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Z50 in the lab soon
#1
The Z50 will probably arrive on the weekend (actually together with the X-T30), completing the refresh/replacement of the test cameras here Smile

Side note: you can buy the Z50, body only or as a kit with one or both new DX Z lenses. However, you can not buy an additional battery yet (scheduled for mid december), and you can also not buy the hoods for the two new lenses (which, as most cheap Nikkor kit lenses, come without a hood). The hoods are currently expected to be available in 3 months...
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#2
What kind of use has a hood on a 50-250 or 16-50? Big Grin 

Except of a bit of rain protection or plastic bumper against wild animals (elk comes in mind...). The 14-30 also comes with a hood and the hood stays at home usually.

Side note: If I ever read a sentence like "The build quality of the lens is very good. The lens is based on a metal mount, both tubes are made of high quality plastics, the nicely rubberized zoom ring in addition features metal elements." which you wrote for the 1 Nikkor VR 30-110mm f/3.8-5.6 I'll have to make some fun out of it.

Yesterday I disassembled one to see if there was the slightest chance to get rid of some dust particles behind the front element. (No, that elements are glued or melted in their plastic cage) The "metal mount" is just screwed with 3 8 mm long screw into an all plastic design. The lens I got 2nd hand. Wobbling, scratching when zooming and occasionally the camera reacts funny (loose contacts?) when this lens is attached to it.

It's a throw away lens, not meant to be repaired - and the two DX Z lenses will be the same, in regards of their price. I don't know if that's part of Nikon's survival strategy?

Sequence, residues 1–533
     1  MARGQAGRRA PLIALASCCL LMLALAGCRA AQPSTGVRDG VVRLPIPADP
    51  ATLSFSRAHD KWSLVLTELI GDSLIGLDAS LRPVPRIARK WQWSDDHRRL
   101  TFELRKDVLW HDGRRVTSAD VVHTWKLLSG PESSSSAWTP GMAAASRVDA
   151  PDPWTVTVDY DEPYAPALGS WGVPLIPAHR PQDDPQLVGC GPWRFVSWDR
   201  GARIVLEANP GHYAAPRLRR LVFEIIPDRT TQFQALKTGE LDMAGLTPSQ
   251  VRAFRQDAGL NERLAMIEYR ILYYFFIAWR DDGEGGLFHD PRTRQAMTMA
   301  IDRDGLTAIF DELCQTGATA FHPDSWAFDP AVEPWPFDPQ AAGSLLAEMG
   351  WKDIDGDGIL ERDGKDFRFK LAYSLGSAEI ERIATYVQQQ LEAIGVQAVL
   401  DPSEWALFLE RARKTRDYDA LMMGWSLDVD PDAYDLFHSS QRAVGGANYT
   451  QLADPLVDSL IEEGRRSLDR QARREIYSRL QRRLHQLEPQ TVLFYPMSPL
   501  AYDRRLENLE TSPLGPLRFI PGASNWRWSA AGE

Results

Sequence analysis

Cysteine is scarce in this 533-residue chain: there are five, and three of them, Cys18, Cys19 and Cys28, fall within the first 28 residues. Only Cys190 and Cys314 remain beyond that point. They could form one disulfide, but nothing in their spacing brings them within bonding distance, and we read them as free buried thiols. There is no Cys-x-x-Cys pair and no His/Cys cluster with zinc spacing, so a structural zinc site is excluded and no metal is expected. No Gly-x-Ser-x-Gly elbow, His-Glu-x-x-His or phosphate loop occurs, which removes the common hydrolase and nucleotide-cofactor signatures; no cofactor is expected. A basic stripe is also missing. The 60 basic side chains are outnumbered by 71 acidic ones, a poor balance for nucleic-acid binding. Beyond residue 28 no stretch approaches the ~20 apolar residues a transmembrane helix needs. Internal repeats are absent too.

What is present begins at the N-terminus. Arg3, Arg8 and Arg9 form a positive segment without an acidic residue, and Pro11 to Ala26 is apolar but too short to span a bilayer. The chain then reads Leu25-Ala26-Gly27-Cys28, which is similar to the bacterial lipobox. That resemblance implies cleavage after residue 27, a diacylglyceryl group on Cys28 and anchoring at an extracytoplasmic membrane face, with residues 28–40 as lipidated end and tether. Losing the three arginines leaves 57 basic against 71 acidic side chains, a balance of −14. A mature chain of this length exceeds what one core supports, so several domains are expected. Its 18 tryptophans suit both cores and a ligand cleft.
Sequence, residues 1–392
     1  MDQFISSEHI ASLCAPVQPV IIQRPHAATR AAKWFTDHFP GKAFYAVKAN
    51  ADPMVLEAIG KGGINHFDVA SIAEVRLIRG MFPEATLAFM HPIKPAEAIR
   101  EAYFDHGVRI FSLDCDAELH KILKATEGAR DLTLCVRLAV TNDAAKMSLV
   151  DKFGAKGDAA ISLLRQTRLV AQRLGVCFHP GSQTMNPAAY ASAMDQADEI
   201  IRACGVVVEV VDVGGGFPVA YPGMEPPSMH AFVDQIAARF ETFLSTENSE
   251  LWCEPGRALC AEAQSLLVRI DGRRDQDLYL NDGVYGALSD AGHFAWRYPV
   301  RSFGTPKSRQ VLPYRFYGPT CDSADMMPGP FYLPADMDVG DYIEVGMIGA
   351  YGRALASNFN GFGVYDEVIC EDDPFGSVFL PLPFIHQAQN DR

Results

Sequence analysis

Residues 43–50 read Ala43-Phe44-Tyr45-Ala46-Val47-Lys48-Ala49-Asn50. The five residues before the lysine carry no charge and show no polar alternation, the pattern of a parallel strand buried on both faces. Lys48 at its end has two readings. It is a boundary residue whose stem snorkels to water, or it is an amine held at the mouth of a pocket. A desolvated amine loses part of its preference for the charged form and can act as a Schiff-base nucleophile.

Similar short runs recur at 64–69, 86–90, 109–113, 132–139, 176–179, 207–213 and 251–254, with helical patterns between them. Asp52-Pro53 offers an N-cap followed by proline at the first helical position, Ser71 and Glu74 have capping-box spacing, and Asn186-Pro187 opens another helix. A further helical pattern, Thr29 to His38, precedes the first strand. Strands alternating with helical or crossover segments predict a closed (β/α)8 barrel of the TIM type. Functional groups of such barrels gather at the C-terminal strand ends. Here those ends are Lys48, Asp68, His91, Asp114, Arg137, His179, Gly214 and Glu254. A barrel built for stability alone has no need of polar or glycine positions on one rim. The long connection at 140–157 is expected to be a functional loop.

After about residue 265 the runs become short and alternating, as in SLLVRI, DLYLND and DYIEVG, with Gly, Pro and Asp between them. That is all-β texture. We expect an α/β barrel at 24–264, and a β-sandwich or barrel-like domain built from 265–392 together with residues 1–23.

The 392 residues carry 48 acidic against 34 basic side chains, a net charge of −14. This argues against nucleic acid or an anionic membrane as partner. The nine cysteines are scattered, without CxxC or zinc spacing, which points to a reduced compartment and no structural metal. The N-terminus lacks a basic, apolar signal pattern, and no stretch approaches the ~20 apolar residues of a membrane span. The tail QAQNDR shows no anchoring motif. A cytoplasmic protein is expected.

There's so much more heritage of the 1 series in the new Z line that I start wondering if the 1 series was just a kind of pilot project, never meant to succeed economically. Trying out new ways to assemble lenses and bodies and make the as cheap as possible - but for the people and testers, who judge build quality by the look at the outside, gives it a nice finish and a bit of metal at the rear end, that will do  Tongue
#3
(12-05-2019, 07:19 AM)JJ_SO Wrote: What kind of use has a hood on a 50-250 or 16-50? Big Grin 

To each his own, I made it a habit to use them as flare protection... and occasionally physical protector, which they manage to be much better than a front filter Wink

Still: it would be nice to leave the decision if a hood is a useful or useless piece of plastic to all buyers and just include it for free, like with most other lenses. Instead, they expect those who want to use one to pay another 50 EUR for two peaces of cheap plastic.

Regarding the mount construction: you maybe haven't opened many current lenses, did you? Wink Screws going into plastic constructions is the rule, not the exception. Nikon does that on many lenses (including many of the modern AF-S primes and zooms, also most of the Z lenses), same with Canon (including L zooms and primes) and Sony. You will rarely find all metal constructions inside, occasionally though metal thread inserts in the plastic frames, that don't wear out too easily. However, wear is something that depends on what kind of plastic material is used... and those screws are not meant to be removed and reattached hundreds of times anyway.
A heavily used or even mistreated lens will show signs of wear over time, that's true for cheap kit zooms as it is for Canon L zooms. Scratching when zooming is usually a sure sign that the lens was used in an environment it wasn't intended or designed to be used in... on a beach, in a dusty place (like right next to a rallye track or a teardown site), things like that. I still find the construction of the 10-30 VR solid... mine is still working like new, at least Smile